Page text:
Once a upon a time during the 9th century AD in Udyana (modern-day Swat, Pakistan) there was a Buddhism tribe that were very devoted to their religion. They used to worship the Gautama Buddha, the Supreme Buddha. The people had only one wish from Buddha that their crops and grains do not grow on the farms due to drought and there is no kind of rain in the region they always believed that Buddha will answer their hardships one day. At last one day the Buddha saw his people’s hardships and send a “rain dragon” to the tribe.
The people were pleased to see the dragon, the dragon brought rainfall and snowfall with him that made the farms grow crops, grains and wheat thus ending the drought period. The Rain dragon had only one wish from people, he told them that he brings rain for them so they (people) can eat and live happy thus he wants a big festival and tribute for himself every month, the people agreed on this happily.
But one month the people forgot the dragon’s wish as they were busy harvesting the crops and grains. This caused a devilish awakening in the dragon that made him angry at the people therefore he unleashed massive floods and storms that destroyed the people’s region. The Buddha was watching the wrath of the dragon from the sky the whole time thus he sent a warrior tiger to save his fellow-men. By this time the floods had reached Sindhu (modern-day Sindh) and were about to fall in the Sindhu Sagar (modern-day Arabian sea).
Tiger attacks the dragon and the end of the dragon
The warrior tiger jumped from the sky and landed on the land where once those people used to live, the tiger attacked the Rain dragon, who at that time started obeying Satan. The tiger somehow managed to capture the dragon and placed him in a cave from which the dragon can never get out. The Buddha took his powers away from him but the dragon told him that he will once again have his revenge on the people and floods will soon erupt from Udyana to Sindhu Sagar.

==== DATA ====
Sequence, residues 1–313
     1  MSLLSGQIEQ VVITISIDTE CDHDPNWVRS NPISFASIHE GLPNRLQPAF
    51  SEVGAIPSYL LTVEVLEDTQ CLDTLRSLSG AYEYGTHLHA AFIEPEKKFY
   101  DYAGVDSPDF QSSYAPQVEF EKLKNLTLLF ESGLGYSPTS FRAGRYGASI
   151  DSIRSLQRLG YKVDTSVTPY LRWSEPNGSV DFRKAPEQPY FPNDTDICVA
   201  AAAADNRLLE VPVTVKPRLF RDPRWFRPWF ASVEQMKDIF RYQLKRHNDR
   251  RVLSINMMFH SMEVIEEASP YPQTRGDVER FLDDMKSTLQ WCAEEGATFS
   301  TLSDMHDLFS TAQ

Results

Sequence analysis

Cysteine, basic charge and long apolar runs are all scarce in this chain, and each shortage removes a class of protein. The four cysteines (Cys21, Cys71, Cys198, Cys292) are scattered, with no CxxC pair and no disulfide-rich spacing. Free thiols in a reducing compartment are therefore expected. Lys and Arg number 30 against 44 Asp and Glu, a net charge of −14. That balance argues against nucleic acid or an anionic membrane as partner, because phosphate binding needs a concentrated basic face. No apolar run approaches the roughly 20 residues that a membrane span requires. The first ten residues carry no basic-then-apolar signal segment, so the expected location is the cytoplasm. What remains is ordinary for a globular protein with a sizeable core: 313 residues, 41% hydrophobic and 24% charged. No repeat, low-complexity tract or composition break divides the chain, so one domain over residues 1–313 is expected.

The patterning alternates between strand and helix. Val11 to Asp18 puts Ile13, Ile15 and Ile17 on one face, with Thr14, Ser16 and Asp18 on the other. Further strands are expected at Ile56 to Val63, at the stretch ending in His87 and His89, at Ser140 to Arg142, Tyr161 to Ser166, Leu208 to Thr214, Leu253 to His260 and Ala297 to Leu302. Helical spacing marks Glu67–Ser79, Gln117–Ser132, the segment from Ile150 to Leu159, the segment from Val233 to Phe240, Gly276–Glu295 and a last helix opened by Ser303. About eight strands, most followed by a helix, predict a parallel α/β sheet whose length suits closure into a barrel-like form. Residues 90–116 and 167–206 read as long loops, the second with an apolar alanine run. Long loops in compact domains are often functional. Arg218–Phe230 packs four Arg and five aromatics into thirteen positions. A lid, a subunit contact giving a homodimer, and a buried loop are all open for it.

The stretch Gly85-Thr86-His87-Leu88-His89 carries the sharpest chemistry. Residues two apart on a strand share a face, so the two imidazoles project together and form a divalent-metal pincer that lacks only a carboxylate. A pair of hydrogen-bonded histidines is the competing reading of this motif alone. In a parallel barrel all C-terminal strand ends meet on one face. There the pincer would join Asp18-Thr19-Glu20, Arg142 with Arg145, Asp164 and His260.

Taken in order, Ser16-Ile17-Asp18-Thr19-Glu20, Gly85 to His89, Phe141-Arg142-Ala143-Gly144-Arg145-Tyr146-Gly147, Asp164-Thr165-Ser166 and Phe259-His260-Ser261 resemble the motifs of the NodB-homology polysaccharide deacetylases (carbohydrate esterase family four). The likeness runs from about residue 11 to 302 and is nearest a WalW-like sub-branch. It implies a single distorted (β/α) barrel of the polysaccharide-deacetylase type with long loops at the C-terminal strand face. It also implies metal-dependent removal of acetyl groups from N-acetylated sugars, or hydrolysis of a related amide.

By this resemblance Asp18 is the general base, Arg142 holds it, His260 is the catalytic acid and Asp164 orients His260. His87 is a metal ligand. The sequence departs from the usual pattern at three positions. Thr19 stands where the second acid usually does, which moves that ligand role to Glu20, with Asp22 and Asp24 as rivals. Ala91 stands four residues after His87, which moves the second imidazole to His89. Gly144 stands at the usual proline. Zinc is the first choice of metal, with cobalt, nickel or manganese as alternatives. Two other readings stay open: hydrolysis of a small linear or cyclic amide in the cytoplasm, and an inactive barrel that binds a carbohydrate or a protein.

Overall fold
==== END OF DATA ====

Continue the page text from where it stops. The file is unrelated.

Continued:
6 replies to “Buddhist myth and 2010 floods”
Amazing article, and its historically correct. I haven’t heard about this myth before, but its true that during this time (9th AD) Swat valley was mostly devoted to Buddhism. And also Sindh used to be called Sindhu (The word ‘Hindu’ is derived from Sindhu).
The celtics during the iron age also had similar myths regarding harsh weather, so did the Nordics.
Amazing artilce, vey well written. Two thumbs up!
You know, in ancient greece, Zeus the father of Hercules was the God of sky, rain, weather etc. His weapon was a thunder bolt/lightening.
And I think Thor, from Norse polytheism was also the God of thunder.
Thats true…but good thing about this “dragon myth” is that it was made in Pakistan..
Good article. I wonder if the pakistan media also reported on this story during the floods? Though it is obvious that they are too uneducated to know such things.
pak media only loves “political blame game”